Overheard at a Bar Near My Home • Al Russell

"I lost fourteen teeth that day.
Not my teeth.
Other people's."

Notes of this man's voice
make me imagine the gnashers
he could have stolen
had he been better at craps,
musky yellow molars
mushy with bad-apple-brown spots,
incisors chipped down to
points finer than felt-tipped pens.
His opponent, original owner 
of the tokens, might could get a new set
with the money he saved
betting his teeth instead.

 "I want diamonds, Ben,
flatout diamonds!"

  . . . He'd say to the jeweler-dentist,
and happy Ben might saw
into a lump of rock and extract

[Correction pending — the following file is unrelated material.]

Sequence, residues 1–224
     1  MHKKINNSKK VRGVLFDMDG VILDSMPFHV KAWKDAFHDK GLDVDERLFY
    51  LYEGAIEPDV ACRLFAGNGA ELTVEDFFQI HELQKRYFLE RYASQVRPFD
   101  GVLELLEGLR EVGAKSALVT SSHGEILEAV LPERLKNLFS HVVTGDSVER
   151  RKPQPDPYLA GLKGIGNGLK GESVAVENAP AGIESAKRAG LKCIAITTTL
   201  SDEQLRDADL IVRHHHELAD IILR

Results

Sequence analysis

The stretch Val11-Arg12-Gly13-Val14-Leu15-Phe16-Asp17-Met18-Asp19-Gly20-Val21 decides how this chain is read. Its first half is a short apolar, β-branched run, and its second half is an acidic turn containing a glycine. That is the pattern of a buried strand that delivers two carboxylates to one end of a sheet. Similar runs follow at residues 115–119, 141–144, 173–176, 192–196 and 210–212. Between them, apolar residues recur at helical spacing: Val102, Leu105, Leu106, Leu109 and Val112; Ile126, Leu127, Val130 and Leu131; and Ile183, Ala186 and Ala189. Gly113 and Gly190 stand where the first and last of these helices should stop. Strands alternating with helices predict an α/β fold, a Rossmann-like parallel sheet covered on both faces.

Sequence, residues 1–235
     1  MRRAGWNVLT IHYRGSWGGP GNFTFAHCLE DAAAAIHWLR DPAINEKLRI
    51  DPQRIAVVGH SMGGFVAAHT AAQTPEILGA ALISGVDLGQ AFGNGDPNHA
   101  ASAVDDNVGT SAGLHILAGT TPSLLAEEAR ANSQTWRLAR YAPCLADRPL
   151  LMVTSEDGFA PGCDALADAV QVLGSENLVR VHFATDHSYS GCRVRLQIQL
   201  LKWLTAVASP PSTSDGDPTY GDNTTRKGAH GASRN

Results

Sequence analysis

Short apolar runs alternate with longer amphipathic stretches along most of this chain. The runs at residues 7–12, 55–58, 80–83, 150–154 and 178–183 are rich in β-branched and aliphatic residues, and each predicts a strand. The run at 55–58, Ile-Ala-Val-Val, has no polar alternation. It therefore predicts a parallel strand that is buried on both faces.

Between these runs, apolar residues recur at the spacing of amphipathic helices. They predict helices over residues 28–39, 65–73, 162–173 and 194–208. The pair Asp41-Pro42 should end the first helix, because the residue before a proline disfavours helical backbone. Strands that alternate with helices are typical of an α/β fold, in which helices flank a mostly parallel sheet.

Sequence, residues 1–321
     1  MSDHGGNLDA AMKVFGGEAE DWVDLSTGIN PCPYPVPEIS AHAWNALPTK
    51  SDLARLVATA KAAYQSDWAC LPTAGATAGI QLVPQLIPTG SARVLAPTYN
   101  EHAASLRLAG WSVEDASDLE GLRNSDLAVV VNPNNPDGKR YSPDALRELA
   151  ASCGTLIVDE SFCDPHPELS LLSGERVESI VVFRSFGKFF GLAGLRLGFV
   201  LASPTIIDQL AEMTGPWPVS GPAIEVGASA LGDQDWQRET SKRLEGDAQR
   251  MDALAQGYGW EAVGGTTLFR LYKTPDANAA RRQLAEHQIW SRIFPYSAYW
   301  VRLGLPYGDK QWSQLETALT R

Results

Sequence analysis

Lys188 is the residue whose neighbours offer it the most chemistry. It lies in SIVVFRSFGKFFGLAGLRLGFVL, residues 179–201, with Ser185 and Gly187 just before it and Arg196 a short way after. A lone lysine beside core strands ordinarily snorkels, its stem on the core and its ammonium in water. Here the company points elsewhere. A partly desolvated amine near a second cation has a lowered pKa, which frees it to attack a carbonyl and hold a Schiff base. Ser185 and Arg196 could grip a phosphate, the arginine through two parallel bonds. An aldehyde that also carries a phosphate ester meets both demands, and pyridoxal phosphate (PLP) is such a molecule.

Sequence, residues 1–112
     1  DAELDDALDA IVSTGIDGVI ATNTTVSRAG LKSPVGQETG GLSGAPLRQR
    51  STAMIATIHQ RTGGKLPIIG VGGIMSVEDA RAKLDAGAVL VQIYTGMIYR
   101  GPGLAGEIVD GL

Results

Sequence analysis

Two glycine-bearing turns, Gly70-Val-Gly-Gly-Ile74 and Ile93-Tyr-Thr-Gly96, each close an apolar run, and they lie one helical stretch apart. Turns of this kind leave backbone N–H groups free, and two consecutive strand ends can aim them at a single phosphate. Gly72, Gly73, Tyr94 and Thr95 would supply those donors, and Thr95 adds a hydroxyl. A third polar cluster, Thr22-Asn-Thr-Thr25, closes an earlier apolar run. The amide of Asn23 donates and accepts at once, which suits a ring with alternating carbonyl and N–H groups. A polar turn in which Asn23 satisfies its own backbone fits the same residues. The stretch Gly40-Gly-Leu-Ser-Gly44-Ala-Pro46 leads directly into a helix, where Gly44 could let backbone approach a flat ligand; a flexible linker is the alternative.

canines shinier than God's teeth if he has them,
plugging the bloody sockets, dark garnets
dripping down and clotting gingival
around the new choppers.
And did our barroom narrator
get any souvenirs,
playing that poor sap
for his rotting bicuspids?

"He coulda lost the top row easy, 
but I just knocked him one good."

The storyteller spits a jagged sparkle
to the bottom of his glass.

-by Al Russell, from Children of the Anxious City